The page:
Positive cases of the coronavirus are increasing in Los Angeles County in recent weeks, packing hospitals across the Southland.
Benjamin Cioppa-Fong, an emergency room nurse, tells Inside the Issues hospitals are beginning to pitch tents outside, once again, to handle the increase of patients.
“I’m hesitant to call it a surge, because I don't think that we are there yet, but we have had a lot more patients and the patients that we're getting are quite sick, whether it's COVID-related or not,” he said. “It's different now because, with COVID, it's hard to tell who has it.”
Not everyone is symptomatic, he explained, and they try to screen people the best they can, but according to Cioppa-Fong, many patients are confused about what to do with symptoms.
“Not everyone is always honest or know what they're experiencing. Like, you ask people if they have a fever, they'll say no, we take their temperature, it’s 100.5 [degrees fahrenheit],” he said. “They could’ve had a fever for a couple of days and just adjusted to it. They could just run hot. They could have been in air conditioning for most of the time. So it's really hard for us to know who has it and trying to screen them when coming in.”
Nurses are separating patients and most are in private rooms so as not to be a risk to others.
“It's very hard to develop a rapport with patients because we're wearing a mask, we might be wearing PPE, and we look scary to them,” he said of the challenges. “I think that a lot of them feel like they're being put at risk coming into the hospital because everything looks so scary to them. What we want to convey is that it is safe to be here and us wearing all of this is to keep you safe and to keep everyone else safe.”
Hospital personnel are seen wearing protective glasses, masks, gloves, and other gear in an effort to prevent the spread of COVID-19.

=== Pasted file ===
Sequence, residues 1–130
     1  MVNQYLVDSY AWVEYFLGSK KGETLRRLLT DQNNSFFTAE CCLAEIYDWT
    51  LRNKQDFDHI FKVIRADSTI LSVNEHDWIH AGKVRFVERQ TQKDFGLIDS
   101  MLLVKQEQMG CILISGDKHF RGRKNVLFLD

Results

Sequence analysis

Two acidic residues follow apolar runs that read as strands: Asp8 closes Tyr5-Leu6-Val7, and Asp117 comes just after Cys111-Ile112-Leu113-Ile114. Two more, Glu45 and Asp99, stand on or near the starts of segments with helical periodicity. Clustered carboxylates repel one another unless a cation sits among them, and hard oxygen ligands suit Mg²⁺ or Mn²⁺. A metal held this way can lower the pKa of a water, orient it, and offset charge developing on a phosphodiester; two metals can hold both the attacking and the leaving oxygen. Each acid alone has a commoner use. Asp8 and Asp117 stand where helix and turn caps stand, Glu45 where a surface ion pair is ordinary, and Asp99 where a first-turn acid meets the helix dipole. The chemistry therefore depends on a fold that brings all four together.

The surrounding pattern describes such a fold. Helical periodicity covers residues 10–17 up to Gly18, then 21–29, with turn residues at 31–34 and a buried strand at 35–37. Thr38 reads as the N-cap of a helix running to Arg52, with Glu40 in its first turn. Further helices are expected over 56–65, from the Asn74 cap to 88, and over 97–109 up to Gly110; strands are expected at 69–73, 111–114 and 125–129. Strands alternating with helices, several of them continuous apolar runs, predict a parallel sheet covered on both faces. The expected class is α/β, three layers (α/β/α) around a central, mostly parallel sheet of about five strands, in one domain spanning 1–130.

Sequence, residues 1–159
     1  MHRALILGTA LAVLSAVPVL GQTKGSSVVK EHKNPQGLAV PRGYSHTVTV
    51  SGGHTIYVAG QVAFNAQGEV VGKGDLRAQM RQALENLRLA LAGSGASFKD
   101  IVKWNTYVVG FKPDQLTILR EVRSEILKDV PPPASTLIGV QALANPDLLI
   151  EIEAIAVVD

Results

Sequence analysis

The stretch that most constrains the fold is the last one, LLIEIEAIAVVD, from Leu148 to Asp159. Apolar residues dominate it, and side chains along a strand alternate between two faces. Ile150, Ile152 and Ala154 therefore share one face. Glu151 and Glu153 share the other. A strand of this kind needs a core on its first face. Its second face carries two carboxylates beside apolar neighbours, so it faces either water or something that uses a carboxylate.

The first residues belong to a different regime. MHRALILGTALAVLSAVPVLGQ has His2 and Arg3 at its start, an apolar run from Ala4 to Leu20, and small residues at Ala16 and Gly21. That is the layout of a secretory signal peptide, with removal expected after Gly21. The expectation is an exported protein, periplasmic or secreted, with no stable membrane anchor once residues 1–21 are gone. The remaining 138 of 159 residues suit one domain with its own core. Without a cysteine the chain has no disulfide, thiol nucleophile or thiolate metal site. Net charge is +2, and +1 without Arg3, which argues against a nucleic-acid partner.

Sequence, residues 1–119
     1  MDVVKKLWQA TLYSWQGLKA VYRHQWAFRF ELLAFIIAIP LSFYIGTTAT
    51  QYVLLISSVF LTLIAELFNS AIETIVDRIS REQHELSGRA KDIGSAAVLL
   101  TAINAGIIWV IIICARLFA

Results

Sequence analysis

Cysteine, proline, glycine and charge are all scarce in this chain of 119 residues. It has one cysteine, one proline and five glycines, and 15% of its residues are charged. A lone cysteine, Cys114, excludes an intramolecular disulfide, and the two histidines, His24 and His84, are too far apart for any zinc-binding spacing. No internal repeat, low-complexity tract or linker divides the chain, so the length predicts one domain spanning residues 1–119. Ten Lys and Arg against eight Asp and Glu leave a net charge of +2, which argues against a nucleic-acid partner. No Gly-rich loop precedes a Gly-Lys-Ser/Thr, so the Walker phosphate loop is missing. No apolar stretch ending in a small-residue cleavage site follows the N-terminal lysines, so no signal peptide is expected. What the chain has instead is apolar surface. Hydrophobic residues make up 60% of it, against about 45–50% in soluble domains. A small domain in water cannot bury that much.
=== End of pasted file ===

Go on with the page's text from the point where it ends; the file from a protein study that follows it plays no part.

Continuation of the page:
“It’s exhausting, honestly, to have to put everything on, wear it around, take it off, wash your hands every single time you touch something,” he said. “We’re touching keyboards, we’re cleaning keyboards constantly. We’re washing our hands before we go in, we’re washing our hands when we come out.”
But, Cioppa-Fong’s day doesn’t end when he clocks out.
“Coming home is an even bigger process, I'd say, for me, because you want to make sure that you didn't get it in your car, that you didn't bring it home, track it through the house. I'm wiping down things before I leave work, I’m wiping down my car when I get home, I'm going straight to the shower, my scrubs go right in the laundry,” he explained. "I don't touch my dogs, I only have dogs, and I don't say hello to my husband, even before I go in the shower.”
He would like to see more people wear masks when they are in public.
“It's frustrating, honestly. It shows that, as Americans, we really have lost that sense of neighborly caring for one another,” he said. “It's frustrating for me to watch people get into arguments over wearing a mask when I have to wear a mask everyday at work and have had to. This is nothing new for us at work.”
Cioppa-Fong has a health concern and is unsure of how his body would respond, should he contact the virus.
“Personally, I have severe asthma so if I end up contacting COVID, I may end up intubated in ICU, we don’t know,” he said. “You can commit to wearing a mask for a month or two months, we could probably slow this down enough that this isn’t the new normal for us and we could move on with our lives, but that’s not the case right now.”
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